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http://www.casperstartribune.net/articles/2005/04/27/news/wyoming/
fadff939c23b420487256fef0080435b.txt

Wolves den on lambing ground

 
 

 

FARSON -- Members of the Thoman Ranch family, with headquarters just below Fontenelle Dam north of Kemmerer, know what it's like to have large, federally protected predators preying on their domestic sheep flocks.

The Thoman sheep are trucked to the Upper Green River region in July and graze the mountains through September before moving back to lower elevation rangelands for the remainder of the year. The Thomans have had both grizzly bears and gray wolves kill their sheep while on the Bridger-Teton National Forest grazing allotments in recent years.

This time, it appears the wolves are coming out to meet the flocks, months ahead of any anticipated confrontation.

A pair of wolves is expected to begin denning in the middle of a domestic sheep lambing ground northeast of Farson any day now, according to the U.S. Fish and Wildlife Service. There are three migratory sheep outfits that use the area for lambing, which begins in early May in western Wyoming.

Dick Thoman said Tuesday his family is slated to move two bands of sheep into the area next week for lambing. The notion of a pair of wolves feeding pups in a den amid the sheep begs the question of what food source the adult wolves will use. Thoman is confident of the answer: his sheep.

"If sheep are in the area, sheep are food, and they are going to eat them," Thoman said. "It's not if, it's when. It's a given they are going to eat some sheep."

Federal officials reported that a USDA Wildlife Services field specialist saw a pair of wolves feeding on a moose calf kill in the area last week.

"The female was very pregnant and expecting to den any day," Fish and Wildlife reported in its weekly wolf update. "The area is in the middle of a sheep lambing area and the local producers were contacted about the situation."

Mike Jimenez of Fish and Wildlife said in an interview Tuesday that Wildlife Services has been authorized to trap and radio-collar wolves on site so the pair can be monitored.

"It's not in the mountains, it's on the flatlands," Jimenez said. "And there's a lot of sheep."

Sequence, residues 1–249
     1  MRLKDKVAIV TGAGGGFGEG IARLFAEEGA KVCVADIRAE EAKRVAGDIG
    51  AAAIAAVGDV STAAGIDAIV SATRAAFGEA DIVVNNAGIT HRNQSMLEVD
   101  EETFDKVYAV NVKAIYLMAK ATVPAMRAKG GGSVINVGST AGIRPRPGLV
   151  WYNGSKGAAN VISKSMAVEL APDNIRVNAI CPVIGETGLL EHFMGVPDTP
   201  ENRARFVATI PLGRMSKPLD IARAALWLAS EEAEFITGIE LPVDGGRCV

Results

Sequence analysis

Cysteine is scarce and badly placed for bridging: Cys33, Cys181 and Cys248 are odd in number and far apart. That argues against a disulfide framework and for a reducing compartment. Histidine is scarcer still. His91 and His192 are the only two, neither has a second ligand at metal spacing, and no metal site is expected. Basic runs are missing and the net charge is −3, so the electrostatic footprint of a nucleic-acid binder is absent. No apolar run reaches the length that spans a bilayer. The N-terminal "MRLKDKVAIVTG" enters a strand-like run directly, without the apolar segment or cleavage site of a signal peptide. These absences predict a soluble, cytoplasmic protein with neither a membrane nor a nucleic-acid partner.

Fish and Wildlife has no plans to move the wolves, despite their presence amid a lambing ground.

"We don't move things proactively," Jimenez said.

Jimenez said the wolves have not yet caused a problem with the domestic sheep.

Two of the three sheep producers in the region said they had not been contacted about wolves denning in the area.

Thoman said he had not been contacted about the wolves as of Tuesday. Fellow sheepman Pete Arambel, who will trail his domestic herds into the region the first week of May, confirmed that he hadn't been contacted about the situation either.

The third domestic sheep producer using the area is Wyoming Stock Growers Association executive Jim Magagna. He said he had received a message from Jimenez, but had not yet returned the call Tuesday afternoon. His flocks will also enter the area within the next week to 10 days, he said.

"I think we're all at risk," Magagna said.

Magagna questioned why Fish and Wildlife would wait until the wolves had pups and the "almost inevitable conflict" with sheep would occur before taking action. He suggested that because efforts were being made to trap the wolves, the wolves should be captured and moved to another location "where the wolves and their pups would have a better chance of not causing a conflict."

All three sheep producers use livestock guardian dogs and have herders with the flocks around the clock, but even with these precautions, wolves often succeed in killing domestic sheep.

This is the southernmost pair of wolves known to Fish and Wildlife in Wyoming at this time.


 

 

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